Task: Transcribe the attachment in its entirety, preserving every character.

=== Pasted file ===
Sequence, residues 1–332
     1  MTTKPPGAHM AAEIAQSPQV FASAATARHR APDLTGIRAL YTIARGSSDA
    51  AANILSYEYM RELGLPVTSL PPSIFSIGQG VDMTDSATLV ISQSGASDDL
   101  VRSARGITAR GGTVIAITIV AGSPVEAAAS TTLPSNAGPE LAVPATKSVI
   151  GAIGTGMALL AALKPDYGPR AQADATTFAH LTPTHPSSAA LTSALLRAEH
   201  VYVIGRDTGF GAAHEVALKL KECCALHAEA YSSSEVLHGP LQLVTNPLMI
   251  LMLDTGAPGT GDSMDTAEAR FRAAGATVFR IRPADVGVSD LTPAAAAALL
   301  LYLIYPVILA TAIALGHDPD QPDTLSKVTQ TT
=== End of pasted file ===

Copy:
Sequence, residues 1–332
     1  MTTKPPGAHM AAEIAQSPQV FASAATARHR APDLTGIRAL YTIARGSSDA
    51  AANILSYEYM RELGLPVTSL PPSIFSIGQG VDMTDSATLV ISQSGASDDL
   101  VRSARGITAR GGTVIAITIV AGSPVEAAAS TTLPSNAGPE LAVPATKSVI
   151  GAIGTGMALL AALKPDYGPR AQADATTFAH LTPTHPSSAA LTSALLRAEH
   201  VYVIGRDTGF GAAHEVALKL KECCALHAEA YSSSEVLHGP LQLVTNPLMI
   251  LMLDTGAPGT GDSMDTAEAR FRAAGATVFR IRPADVGVSD LTPAAAAALL
   301  LYLIYPVILA TAIALGHDPD QPDTLSKVTQ TT